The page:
10.10. File system access¶
This page describes how SFTPPlus handles native file system access on both Unix-like and Windows platforms for the server-side operations. While running on a specific operating system, it provides the extra features provided by that operating system.
When accounts are authenticated as operating systems accounts (local, domain, or remote), they will observe the same file system permissions as those defined in the local file system. In other words, the file system access will be granted according to user permissions for the local file system. This way, you can have multiple accounts accessing the same file or folder, each account having its own permissions. The permissions that are set is completely dependent on each use case. For example, you may only want to set read-only permission if you only want users to have read-only permission.
For accounts authenticated as server application accounts, all accounts are mapped to the same OS account and they will have the same permissions.
For application accounts, all file system activity will be executed under the account specified by the [server] account configuration option. Application accounts are locked into their home directories.
The client would need close to full control with permissions.
Windows administrators can further allocate advanced permission settings. In this case, they can also choose to exclude the following permissions - Read Permissions, Change Permissions, Take Ownership, and Write Extended Attributes.
Files on Windows having the read-only attribute set are removed, renamed, moved, and copied without getting an access denied error.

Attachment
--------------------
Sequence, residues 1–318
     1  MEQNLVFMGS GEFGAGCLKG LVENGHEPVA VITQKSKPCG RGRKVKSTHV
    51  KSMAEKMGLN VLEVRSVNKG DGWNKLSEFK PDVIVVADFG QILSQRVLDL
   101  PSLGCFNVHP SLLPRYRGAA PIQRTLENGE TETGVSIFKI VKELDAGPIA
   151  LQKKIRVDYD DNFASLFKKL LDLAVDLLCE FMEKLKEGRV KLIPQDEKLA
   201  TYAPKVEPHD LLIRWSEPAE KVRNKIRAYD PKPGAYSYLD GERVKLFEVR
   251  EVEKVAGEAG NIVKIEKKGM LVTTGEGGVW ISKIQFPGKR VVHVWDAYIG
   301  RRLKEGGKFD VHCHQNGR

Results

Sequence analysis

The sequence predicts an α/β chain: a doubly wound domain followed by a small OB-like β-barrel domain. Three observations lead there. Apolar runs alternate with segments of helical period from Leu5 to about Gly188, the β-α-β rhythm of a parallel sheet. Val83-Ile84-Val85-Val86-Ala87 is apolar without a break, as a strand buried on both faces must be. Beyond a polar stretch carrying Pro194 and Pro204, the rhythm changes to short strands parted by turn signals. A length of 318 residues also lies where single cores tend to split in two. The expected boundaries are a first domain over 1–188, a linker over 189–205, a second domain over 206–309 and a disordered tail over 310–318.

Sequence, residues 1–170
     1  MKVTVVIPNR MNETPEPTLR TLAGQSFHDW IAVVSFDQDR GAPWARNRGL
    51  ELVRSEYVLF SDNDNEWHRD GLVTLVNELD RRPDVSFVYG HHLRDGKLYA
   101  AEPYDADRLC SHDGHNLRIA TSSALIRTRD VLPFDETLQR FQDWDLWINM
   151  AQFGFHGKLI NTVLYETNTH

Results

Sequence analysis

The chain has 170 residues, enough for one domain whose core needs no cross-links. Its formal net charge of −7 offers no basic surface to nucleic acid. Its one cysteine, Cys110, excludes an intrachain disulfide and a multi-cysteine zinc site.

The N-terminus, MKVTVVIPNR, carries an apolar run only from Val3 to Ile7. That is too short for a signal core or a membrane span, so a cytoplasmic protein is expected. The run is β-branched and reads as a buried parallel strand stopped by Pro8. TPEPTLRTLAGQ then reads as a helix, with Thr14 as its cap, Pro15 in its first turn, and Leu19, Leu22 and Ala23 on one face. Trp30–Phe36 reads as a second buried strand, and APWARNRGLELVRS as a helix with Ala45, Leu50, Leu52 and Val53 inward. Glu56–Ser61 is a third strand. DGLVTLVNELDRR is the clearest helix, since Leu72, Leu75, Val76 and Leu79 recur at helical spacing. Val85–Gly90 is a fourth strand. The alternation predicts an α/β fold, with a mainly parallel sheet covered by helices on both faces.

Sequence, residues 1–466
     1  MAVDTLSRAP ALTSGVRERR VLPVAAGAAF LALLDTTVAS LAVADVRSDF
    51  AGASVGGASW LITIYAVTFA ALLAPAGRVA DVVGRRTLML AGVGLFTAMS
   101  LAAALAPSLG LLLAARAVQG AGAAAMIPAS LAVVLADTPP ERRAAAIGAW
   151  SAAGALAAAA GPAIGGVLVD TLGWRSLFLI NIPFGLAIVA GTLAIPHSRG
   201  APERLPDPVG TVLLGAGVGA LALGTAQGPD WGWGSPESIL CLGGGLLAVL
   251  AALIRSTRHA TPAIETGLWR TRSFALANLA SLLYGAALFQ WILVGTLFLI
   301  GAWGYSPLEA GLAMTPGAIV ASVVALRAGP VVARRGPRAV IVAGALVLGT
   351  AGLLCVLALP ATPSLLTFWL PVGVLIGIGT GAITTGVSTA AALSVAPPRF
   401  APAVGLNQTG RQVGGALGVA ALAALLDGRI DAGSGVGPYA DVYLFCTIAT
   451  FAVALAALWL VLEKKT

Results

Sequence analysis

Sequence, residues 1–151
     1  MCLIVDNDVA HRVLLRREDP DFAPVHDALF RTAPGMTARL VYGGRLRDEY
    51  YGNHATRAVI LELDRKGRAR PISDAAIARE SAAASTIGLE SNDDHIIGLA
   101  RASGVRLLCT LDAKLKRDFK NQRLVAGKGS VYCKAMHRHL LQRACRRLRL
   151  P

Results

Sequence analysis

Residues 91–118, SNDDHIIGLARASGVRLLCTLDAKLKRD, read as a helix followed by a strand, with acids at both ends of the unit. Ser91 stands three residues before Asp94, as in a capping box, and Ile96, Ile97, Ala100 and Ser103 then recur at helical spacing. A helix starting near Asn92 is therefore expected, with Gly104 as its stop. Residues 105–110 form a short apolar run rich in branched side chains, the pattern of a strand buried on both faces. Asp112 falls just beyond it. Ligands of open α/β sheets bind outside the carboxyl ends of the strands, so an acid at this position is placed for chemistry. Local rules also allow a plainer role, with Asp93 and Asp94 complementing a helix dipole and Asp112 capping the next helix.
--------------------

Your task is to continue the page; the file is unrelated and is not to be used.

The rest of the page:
Read-only files cannot be modified, but they can be copied, moved, renamed, or deleted. It is possible that moving, renaming, or deleting a read-only file can cause a program that relies on that file to stop working properly.
Lock access is specified by lock_in_home_folder in the account's settings.
In locked accounts, the account is locked inside the home folder path and access to files and folders outside the home folder path will be denied.
Application accounts are always inside their home folder and will not have access to files outside the home folder.
Operating System accounts have further configuration options:
Deny access to files and folders outside the home folder.
Inherit the account’s group configuration.
If an account is locked and the home folder is set to
/home/user1/, the user is locked inside the home folder. The home folder path is now the root folder visible to the client. When a client lists the folder contents of ‘/upload’, the request is mapped in accordance to the home folder. Therefore it is mapped to
/home/user1/uploadon the local file system.
If an account is not locked inside the home folder, a request to list the relative file path
/upload/folder will be mapped to the
/uploadfolder on the local file system.
You can use absolute or relative file paths when specifying a home folder to lock an account to.
Absolute and relative file paths when used in locked_in_home folder accounts differ to the paths used inside the configuration file as mentioned in the section on absolute and relative paths.